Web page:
Before the spinal tap the nurse administered "sleepy medicine" which is supposed to be a pain killer, sleep inducer, and temporary memory eraser - all in one! Things were going well at first, Anya started to get sleepy and lay down but as the procedure started she was roused a bit more, and obviously was experiencing pain.
When the doctor first stuck in the needle (similar to an epidural needle, if you are familiar with those) Anya tensed up a bit. This made it more difficult for him to find the proper placement which made the procedure take more time and cause more discomfort. She started crying, and tears welled in her eyes, and fell down her cheeks.
There are few things that hurt a mother more than seeing their child suffer...it broke my heart. Those are the times when everything in you wants to start crying, but of course the best way to support your baby is to stay strong, and give loving gentle support.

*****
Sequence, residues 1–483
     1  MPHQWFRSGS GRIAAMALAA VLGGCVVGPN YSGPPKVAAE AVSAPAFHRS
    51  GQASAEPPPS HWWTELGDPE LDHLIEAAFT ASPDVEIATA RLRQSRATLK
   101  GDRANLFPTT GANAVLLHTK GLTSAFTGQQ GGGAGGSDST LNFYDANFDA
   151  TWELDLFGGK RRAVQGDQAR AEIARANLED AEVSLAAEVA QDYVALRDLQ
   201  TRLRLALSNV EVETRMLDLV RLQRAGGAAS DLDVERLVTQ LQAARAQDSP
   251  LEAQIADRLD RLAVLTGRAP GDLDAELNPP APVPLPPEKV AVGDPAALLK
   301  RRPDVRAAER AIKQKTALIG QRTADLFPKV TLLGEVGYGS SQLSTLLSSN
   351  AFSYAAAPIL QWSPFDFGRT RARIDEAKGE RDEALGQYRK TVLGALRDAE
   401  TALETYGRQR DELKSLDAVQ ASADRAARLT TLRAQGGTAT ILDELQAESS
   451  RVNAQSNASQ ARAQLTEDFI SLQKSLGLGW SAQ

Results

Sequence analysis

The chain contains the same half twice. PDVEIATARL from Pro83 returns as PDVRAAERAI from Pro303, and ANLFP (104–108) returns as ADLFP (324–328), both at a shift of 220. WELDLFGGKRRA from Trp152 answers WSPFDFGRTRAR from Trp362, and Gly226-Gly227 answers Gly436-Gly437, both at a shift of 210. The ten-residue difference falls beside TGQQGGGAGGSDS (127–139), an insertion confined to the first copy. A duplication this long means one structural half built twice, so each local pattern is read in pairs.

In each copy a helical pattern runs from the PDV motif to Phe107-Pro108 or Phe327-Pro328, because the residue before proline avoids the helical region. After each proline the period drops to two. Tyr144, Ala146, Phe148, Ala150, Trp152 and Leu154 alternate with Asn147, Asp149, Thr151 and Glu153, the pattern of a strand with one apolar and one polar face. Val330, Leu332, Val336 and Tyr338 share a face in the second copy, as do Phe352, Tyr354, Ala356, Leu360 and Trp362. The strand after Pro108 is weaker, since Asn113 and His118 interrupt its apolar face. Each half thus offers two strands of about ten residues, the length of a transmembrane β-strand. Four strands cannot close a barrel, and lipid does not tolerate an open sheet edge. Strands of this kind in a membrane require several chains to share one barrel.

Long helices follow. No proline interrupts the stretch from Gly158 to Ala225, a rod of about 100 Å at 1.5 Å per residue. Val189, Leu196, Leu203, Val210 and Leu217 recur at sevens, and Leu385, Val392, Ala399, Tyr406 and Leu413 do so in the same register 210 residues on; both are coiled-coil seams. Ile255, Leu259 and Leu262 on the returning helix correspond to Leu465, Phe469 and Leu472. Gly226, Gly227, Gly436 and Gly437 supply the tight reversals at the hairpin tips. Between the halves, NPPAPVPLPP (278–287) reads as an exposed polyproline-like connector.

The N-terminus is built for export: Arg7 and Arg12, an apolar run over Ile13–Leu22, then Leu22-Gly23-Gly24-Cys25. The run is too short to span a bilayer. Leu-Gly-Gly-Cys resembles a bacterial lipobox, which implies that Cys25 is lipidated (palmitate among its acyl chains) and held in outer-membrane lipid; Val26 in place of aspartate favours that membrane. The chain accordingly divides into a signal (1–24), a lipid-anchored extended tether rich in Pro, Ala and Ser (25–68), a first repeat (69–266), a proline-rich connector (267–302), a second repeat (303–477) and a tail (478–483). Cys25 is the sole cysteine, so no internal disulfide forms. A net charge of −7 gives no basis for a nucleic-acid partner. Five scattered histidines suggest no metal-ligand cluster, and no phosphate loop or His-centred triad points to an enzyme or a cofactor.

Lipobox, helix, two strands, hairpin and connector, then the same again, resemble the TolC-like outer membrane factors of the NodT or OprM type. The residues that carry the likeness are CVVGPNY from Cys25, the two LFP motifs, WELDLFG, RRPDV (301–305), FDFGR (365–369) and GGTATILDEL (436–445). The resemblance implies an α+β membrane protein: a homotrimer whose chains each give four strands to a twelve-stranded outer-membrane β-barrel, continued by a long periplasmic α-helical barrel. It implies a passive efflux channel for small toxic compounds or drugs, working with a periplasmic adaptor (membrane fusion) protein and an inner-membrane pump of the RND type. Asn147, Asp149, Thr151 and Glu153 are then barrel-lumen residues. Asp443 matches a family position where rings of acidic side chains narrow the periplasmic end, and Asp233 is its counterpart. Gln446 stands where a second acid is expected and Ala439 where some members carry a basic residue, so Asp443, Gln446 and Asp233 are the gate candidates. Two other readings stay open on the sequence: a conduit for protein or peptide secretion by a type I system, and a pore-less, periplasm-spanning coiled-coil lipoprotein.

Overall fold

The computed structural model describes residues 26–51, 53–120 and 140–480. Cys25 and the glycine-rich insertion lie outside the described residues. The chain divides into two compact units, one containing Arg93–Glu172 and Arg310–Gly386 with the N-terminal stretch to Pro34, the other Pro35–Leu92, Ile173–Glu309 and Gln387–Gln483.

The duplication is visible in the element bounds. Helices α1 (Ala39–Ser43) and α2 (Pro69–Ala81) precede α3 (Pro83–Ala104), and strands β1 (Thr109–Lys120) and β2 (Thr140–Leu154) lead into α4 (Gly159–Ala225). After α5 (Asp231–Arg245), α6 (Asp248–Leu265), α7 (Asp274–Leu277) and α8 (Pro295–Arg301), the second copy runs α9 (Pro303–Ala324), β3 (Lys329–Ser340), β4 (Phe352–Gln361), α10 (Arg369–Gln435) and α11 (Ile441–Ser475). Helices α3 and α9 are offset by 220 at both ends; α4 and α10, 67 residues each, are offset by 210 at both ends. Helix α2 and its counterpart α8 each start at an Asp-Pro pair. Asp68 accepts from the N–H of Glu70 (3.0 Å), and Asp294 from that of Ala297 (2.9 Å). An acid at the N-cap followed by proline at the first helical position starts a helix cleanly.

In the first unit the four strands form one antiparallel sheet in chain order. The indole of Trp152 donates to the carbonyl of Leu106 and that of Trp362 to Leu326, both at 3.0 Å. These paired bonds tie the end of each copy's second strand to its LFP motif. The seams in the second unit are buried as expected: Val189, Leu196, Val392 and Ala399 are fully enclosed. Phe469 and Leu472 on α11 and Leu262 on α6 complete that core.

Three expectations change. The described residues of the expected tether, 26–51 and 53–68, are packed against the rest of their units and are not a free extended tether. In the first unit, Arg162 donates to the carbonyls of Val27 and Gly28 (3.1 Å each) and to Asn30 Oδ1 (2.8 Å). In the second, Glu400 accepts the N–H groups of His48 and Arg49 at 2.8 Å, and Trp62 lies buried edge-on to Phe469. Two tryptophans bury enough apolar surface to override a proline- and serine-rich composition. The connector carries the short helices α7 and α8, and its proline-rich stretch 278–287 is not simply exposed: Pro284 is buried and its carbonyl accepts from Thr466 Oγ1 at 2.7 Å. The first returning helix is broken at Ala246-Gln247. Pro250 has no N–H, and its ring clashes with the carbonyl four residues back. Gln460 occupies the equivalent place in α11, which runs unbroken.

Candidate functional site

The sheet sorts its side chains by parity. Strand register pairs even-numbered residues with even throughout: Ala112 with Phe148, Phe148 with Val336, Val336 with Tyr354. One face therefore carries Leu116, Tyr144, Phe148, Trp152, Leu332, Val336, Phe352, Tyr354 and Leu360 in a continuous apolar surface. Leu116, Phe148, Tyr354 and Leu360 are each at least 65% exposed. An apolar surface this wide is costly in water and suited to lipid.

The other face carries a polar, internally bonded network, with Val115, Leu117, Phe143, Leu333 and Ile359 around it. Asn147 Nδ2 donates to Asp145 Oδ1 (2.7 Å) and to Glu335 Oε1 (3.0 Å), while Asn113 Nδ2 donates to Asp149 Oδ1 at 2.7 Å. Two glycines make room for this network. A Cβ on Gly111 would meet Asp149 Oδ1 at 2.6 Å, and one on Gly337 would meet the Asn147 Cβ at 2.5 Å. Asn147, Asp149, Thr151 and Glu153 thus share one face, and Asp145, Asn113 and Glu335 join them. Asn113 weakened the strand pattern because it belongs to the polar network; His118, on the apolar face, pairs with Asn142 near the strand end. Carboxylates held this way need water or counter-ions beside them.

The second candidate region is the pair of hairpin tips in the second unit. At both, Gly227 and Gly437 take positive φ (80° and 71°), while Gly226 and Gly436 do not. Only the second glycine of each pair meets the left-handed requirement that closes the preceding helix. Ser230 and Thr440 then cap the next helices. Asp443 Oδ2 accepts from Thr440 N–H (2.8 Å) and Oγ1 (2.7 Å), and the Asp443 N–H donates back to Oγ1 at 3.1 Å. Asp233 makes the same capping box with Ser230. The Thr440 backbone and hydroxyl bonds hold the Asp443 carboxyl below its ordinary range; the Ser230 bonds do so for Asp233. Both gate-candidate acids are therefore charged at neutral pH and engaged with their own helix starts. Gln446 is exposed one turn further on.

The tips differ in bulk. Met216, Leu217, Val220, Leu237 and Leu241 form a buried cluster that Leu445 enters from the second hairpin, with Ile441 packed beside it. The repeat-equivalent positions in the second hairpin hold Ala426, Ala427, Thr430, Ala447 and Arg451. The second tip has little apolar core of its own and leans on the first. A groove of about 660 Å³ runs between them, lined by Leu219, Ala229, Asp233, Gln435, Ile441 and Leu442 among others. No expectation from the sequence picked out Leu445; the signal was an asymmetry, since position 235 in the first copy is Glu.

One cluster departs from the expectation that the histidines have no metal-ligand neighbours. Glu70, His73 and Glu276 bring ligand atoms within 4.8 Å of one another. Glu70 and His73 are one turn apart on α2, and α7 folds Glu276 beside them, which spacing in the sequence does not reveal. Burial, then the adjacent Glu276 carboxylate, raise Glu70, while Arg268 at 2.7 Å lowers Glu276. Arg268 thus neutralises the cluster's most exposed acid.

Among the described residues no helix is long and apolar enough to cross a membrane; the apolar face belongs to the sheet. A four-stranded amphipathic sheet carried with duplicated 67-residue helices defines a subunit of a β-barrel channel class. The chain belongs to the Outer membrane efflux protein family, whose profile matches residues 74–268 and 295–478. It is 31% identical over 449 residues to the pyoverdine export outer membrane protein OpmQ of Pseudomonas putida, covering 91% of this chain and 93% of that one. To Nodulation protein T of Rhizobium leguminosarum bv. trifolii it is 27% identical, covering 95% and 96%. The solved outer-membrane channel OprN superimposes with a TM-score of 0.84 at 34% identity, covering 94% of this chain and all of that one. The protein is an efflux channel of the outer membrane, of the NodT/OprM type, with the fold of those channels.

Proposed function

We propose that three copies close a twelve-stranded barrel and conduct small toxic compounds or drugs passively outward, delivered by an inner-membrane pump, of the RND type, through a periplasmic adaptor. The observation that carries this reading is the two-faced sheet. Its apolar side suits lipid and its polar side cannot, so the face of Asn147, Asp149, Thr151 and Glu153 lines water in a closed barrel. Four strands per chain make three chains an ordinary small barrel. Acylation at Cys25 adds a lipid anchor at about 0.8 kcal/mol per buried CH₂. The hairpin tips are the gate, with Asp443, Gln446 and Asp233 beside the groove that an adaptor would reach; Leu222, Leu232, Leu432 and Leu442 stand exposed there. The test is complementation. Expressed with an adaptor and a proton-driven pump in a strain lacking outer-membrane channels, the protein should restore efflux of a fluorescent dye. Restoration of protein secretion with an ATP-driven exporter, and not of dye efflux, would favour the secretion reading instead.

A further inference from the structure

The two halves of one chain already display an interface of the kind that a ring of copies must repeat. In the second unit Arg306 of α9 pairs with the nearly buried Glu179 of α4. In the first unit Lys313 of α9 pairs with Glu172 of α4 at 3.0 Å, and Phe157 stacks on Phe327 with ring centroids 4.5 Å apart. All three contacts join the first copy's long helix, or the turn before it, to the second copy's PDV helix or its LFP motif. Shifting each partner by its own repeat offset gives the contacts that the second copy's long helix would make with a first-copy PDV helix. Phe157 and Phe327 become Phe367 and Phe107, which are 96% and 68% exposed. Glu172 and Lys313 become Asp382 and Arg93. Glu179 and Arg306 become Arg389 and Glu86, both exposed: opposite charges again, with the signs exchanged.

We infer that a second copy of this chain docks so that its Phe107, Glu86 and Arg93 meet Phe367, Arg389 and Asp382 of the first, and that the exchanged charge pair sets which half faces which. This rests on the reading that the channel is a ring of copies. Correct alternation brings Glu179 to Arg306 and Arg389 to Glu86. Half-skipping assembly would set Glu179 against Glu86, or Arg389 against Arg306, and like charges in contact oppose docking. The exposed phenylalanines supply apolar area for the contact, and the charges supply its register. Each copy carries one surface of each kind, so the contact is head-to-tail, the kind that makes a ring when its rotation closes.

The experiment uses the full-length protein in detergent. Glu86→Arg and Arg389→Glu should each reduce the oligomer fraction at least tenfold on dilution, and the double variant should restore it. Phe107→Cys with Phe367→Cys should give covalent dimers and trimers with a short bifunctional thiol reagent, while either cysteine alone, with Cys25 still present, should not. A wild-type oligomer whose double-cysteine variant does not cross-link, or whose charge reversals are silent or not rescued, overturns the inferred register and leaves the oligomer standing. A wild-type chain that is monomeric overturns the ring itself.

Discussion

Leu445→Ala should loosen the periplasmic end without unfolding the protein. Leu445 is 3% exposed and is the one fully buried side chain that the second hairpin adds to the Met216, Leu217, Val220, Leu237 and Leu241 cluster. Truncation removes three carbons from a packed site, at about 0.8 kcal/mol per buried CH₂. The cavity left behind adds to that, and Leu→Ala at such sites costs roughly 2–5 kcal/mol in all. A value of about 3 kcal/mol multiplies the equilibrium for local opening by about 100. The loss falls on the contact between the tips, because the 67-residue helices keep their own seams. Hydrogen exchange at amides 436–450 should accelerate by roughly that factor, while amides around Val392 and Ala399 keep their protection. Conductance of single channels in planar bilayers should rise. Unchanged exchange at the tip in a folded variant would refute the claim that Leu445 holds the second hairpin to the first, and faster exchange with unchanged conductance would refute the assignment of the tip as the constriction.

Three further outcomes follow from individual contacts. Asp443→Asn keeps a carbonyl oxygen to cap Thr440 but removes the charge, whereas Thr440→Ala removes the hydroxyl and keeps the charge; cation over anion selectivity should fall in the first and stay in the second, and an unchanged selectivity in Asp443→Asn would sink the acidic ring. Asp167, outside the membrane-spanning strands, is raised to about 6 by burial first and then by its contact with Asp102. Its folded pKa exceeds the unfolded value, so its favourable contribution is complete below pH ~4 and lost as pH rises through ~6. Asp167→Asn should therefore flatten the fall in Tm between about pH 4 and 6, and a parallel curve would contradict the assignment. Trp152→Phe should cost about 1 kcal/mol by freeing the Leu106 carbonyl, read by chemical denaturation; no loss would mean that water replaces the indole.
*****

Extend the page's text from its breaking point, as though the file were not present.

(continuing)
Thankfully that was all over in about 10 minutes, and she was able to rest. She wasn't ever able to fall asleep, to "sleep off" the effects of the medication, but she did enjoy a couple episodes of "Sponge Bob" and her favorite treat - chicken noodle soup. So glad we only have one more of these type of months before treatment is over!
Monday, May 25, 2009
And this weekend, Israel and I are celebrating seven years of marriage! What a full seven years it has been!
On Saturday, Israel surprised me with an overnight trip to St. Louis. We had a great time going up in St. Louis Arch and to a couple other local attractions! And today, we celebrated Memorial Day and our anniversary with the kids with a visit to Union Station here in KC which included time in the Kids Science Center and a 3-D movie. What a great weekend!